This car doesn't roll in, it sweeps in and turns heads like no other. At over 15 feet long, the Jaguar XJ50 will have admirers doing neck rotation exercises when it arrives, says Pavan Lall.
Within five seconds of sitting in the backseat of the Jaguar XJ50, the notes of Pink Floyd's hit, Have a Cigar, waft across to me.
And that's even before the stereo has been switched on. If this song by the British classic rock band doesn't sound familiar, then this car isn't for you.
Inside, the sumptuous rear that's tricked out to feel more like a Gulfstream than a limousine has seats upholstered in soft, diamond-quilted leather and feathery-soft headrests, accompanied by smartly positioned levers, switches, air conditioning vents and adjustable controls -- all easily reachable and easily workable.
This car commemorates the first Jaguar XJ 1, which was launched in 1968 and was widely acknowledged at the time to be one of the best automobiles ever made.
Amidst cabin space that will give a Mumbai studio apartment competition, the XJ50's interiors are aesthetically flawless as they blend burled wood and leather into an ambience ideal for a limited-edition Davidoff cigar and a very old, chilled bottle of champagne in a frosty sterling silver bucket.
In that context, another Floyd classic equally appropriate as background music in the XJ50 would be Money.
While the front of the car is comfortable, as expected, the backseat is platinum class all the way.
The TV screens are large, set in chrome accents and amongst the best that luxury saloons feature today.
Below them, on the back of the front seats, are solidly built folding trays that can hold both a 15-inch MacBook or a plate of Italian takeout.
The ride quality on its 20-inch alloys is flawless and there's little vibration or instability whatever the speed -- although those who have owned modern Jaguars do complain from time to time about niggling problems such as a rattle or a hum after that car has done a few thousand miles.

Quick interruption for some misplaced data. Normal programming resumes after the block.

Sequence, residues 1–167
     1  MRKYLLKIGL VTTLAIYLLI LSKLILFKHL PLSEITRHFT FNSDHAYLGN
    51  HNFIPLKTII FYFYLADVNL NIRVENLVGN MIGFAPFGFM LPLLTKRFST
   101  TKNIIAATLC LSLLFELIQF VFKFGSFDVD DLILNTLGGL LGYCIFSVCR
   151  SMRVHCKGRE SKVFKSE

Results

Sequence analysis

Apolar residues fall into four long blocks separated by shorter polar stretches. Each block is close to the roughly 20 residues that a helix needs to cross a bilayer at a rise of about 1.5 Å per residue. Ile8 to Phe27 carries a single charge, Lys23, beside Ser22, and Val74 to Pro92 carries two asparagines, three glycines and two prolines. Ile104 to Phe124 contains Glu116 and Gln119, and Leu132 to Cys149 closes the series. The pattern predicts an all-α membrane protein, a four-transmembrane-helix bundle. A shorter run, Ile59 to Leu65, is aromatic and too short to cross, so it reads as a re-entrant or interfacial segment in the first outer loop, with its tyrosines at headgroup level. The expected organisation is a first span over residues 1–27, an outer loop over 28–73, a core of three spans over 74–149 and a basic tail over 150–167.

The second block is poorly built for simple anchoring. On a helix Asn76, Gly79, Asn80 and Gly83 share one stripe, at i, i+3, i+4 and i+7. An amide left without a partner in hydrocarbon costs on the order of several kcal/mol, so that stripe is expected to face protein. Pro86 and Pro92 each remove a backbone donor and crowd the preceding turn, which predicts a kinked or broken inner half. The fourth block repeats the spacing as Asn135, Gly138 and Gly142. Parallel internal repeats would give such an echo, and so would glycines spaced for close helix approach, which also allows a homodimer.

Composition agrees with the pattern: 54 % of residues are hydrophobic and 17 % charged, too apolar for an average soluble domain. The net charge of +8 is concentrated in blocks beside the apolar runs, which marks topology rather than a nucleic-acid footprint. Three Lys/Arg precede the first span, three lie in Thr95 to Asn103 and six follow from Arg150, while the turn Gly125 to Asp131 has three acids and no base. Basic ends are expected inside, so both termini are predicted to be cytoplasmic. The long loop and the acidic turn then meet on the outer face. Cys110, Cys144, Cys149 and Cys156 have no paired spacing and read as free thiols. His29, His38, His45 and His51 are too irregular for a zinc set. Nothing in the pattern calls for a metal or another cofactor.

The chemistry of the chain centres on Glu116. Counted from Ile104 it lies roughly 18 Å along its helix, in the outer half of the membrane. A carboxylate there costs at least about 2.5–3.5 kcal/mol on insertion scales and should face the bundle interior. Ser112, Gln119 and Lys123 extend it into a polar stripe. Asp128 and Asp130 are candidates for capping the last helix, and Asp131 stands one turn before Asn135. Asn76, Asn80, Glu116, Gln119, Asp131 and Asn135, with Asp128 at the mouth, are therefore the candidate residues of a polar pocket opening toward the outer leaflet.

Nothing that an extra flute of champagne wouldn't blot out, but then again, Jaguars have been known to be notoriously high-maintenance and that, in a mildly subversive way, is even part of the charm of owning a "Jag".
So if you want clockwork-like reliability, go buy a Honda, like a million other folks would. Besides, any Jag owner is expected to employ valets to take care of the nitty gritty, like car servicing and troubleshooting.
Not long ago Jaguars had a reputation for being borderline flimsy.
I experienced that firsthand when I lived in the US and a Wall Street broker took me for a spin in his XJ 6.
At a pit stop, as he refuelled, I meandered across to the front and tried to pop open the hood by pulling on the leaping cat on the bonnet. Of course, the hood failed to open, the cat broke and came off in my hand, and I lost a friend before the day was over.
Modern Jaguars may not be perfect, but they aren't flimsy. If anything, there's an air of stability that wasn't there earlier.
Not to mention the sense you get in this car that you can get away with just about anything.
This car doesn't roll in, it sweeps in and turns heads like no other.
At over 15 feet long, the Jaguar XJ50 will have admirers doing neck rotation exercises when it arrives.
Switch the car on with the push-button ignition and the control knob, which is commonly referred to as the Jaguar "handshake", comes into play.
It's a mechanism whereby the dial rotates and emerges, and is the control panel for this lounge on four wheels.
Many luxury vehicles get the balance wrong with their steering wheels, either going too slim or else too spongy or thick.
This one gets it just right with the leather-wrapped wheel giving reasonable feedback to the driver and being as responsive as you'd expect.
This saloon shares the same diesel engine as the regular XJ L and they are both long wheel-base cars.
It's powered by a 3.0 litre, V6 generator that churns out 301 horses, which helps propel the 2,000-kg car to a top speed of 250 kmph.
The other little accents include the illuminated-in-blue tread-plates and the wooden dashboard that gives this car a sense of exclusivity even when stacked up against other base German rivals like the Audi A8, the Mercedes-Benz S-Class and the BMW 7 Series.
Truth be told, while this is an easy enough car to drive, despite its size and weight, it is best geared to be chauffeur-driven.
The only thing I would do if I were in charge of running the show at Jaguar Land Rover is limit the edition to a few thousand cars rather than opt for series production -- and make the vehicle even more collectible.
As for that expensive Davidoff, take your pick of any one of the three ashtrays inside so that you don't scar the leather upholstery.